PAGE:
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Published on Mommy Tracked (http://www.mommytracked.com)

Tori Spelling: A Real Mom.

by Meredith O'Brien

 

I feel as though I’ve been on a reality show binge lately, what with all the Jon & Kate and Raising Sextuplets [1] madness. And for some reason, the Tori & Dean Home Sweet Hollywood’s [2] fourth season called out to me and made me watch it . . . against my better judgment.

 

Last year, my Mommy Track’d editor, the lovely Amy, asked me to write about Tori Spelling’s reality show [3] and, in true journalistic form, I felt as though I had to study up on my subject. I gorged on a marathon viewing of Tori & Dean episodes and then plowed through Spelling’s book sTori Telling [4] fully expecting to find it as odious as other reality show fare like, say, The Cougar [5]. Funny thing though, I didn’t hate Tori & Dean. This former 90210 fan found myself actually admiring Spelling’s work ethic as a member of a dual-career couple with two kids, even though she did seem a wee bit obsessed with throwing parties and dressing up her dog.

 

So when season four of Tori & Dean premiered this spring and Spelling’s new book Mommywood [6] came out, I found myself unable to resist. While watching the latest episodes, I realized that even though Spelling is being pulled in myriad directions by work (as is her husband), there’s something distinctly different about the working parent mania that they experience. That something different can be summed up in two words: Hollywood and celebrity.

 

When my three kids were babies and toddlers, I could look like the sleep-deprived hell that I felt and bring my diapered trio to a public playground without worrying that I’d be followed, photographed and videotaped. I could buy copious amounts of the legalized controlled substance known as java at the drive-up window and not worry about the Red Sox hat I’d jammed over my unkempt coif, or the T-shirt and sweatpants I was wearing. When I worked on my articles, columns and blogs at my house, I could do so without worrying about my appearance.

Not so for Hollywood mommies like Spelling who are ruthlessly tracked down by paparazzi, with the results published and disseminated on the internet so that snarky writers in pop magazines and bloggers could mock her. Oh, and regular moms don’t have their lives chronicled by the hot lens of a reality show, unless you’ve had sextuplets. The pressures on celeb moms are more intense. Take for example, postpartum body issues. After giving birth to her second baby via C-section at the end of last season, Spelling’s body was issue number one for the celebrity press. “Postbaby bodies are what they are,” Spelling wrote in Mommywood, about criticism of her figure after having her second child Stella. “The newborn is the priority, and it’s all we moms can do to try to get enough sleep. It’s natural to want your former body back, but whether or how you can do anything about it is different for everyone. In the world of news magazines, however, Hollywood is supposedly full of celebrities who are back in tip-top shape minutes after the baby lets out its first cry.”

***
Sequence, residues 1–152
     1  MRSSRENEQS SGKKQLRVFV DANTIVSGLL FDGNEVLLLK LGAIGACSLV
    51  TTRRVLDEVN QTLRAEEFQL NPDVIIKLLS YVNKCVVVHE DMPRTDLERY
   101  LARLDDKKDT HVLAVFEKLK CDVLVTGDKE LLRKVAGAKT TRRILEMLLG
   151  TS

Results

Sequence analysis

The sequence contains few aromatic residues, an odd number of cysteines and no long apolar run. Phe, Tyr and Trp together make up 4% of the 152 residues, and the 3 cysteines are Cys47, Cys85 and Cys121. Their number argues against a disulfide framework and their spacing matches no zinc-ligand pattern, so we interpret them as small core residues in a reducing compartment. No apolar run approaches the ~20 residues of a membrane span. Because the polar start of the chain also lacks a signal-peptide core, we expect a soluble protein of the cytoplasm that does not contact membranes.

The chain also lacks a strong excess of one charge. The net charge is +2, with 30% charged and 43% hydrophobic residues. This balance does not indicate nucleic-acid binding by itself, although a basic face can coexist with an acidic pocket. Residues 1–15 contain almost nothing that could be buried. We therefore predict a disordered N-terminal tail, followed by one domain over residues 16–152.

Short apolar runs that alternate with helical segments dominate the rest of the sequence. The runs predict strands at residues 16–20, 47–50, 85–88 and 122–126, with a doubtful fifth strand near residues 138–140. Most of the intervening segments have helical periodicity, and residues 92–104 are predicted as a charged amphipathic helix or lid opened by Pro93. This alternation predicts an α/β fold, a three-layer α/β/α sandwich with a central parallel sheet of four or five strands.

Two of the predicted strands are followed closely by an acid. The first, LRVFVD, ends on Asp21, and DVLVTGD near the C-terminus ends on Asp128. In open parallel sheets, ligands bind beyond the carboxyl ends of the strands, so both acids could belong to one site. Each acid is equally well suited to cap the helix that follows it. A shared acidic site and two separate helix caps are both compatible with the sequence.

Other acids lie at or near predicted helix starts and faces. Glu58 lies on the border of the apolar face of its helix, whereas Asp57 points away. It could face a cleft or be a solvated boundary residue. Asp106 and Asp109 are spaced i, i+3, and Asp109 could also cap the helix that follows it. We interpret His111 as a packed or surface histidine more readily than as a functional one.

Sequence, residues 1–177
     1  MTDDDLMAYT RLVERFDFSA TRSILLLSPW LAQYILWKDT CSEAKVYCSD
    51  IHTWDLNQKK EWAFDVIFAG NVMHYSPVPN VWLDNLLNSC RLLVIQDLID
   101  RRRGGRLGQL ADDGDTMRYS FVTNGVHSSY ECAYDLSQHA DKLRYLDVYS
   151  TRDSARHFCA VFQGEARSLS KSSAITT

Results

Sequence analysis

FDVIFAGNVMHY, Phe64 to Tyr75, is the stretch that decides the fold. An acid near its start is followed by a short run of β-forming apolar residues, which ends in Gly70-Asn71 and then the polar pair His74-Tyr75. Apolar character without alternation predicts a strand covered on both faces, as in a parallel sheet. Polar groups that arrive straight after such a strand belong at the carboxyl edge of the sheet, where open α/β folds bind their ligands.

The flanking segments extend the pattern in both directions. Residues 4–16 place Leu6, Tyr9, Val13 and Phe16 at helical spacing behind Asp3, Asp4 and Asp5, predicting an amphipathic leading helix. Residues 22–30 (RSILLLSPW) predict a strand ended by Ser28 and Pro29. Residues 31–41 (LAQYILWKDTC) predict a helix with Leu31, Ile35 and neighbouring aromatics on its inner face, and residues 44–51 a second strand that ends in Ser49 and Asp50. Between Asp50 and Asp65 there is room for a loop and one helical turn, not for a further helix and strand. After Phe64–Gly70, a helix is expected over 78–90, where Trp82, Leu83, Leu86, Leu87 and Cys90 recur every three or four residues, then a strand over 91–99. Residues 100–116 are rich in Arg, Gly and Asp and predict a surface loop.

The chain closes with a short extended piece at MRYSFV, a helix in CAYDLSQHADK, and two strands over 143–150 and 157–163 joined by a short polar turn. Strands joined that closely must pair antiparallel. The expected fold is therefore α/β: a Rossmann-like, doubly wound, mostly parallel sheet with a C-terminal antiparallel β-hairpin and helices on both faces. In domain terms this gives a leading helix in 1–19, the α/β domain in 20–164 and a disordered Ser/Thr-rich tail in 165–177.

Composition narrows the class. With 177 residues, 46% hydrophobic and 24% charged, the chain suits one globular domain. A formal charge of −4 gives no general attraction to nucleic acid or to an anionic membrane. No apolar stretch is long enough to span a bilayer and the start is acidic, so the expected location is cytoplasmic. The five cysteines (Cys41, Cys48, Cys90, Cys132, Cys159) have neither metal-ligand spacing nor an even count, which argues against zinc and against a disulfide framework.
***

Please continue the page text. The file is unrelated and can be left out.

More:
Body issues aside, on this season of Tori & Dean work-life juggling has become THE main issue facing both parents. They’ve doubled the number of kids they have while they’ve been fortunate enough to be offered acting gigs which, unfortunately send them all over the place, including Canada. Simultaneously. Amidst all of this, Spelling was coping with moving into a new home, selling her old home in a challenging real estate market, finishing her book, getting photos taken for her book cover, attending wardrobe fittings for her roles, learning her lines for her acting jobs and dealing with a tot who’s in the throes of his terrible twos. By the fourth episode of the show, her husband Dean headed out to Calgary for a five-week film shoot leaving Spelling home with the two kids and the baby nurse, who cares for the kids when Spelling’s at work. Watching Spelling complain repeatedly of a nervous stomach and her insecurities about returning to the 90210 set, made me realize that she is, at her essence, a harried working mother like many of us. Even amid the glamour of the photo session for her book, where she was in couture I could only dream of wearing while looking fabulous, her reality show told the real story: During that session, her 2-year-old son Liam was toddling around, eating half a bagel, getting crumbs everywhere and grabbing at her legs.

 

In Mommywood [7], Spelling went on at length about her internal conflicts over working while parenting: “I wish I could afford to be a stay-at-home mom. I fantasize about taking Liam to a Gymboree class or going to Mommy and Me groups with the new baby every single week instead of just when I can fit in . . . [However] I’m constantly working. I work seven days a week. It’s not just the TV show. I have fifty million other projects and obligations . . . My prime earning years are their prime growing years. It gives me grief and guilt every single day.”

 

Sounds very similar to something many of us mere mortal moms who’re trying to work and raise kids might say . . . except that Spelling’s famous, is being followed around by a reality show film crew and paparazzi.

 

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read Mommy Trackd's interview with Tori Spelling [7]


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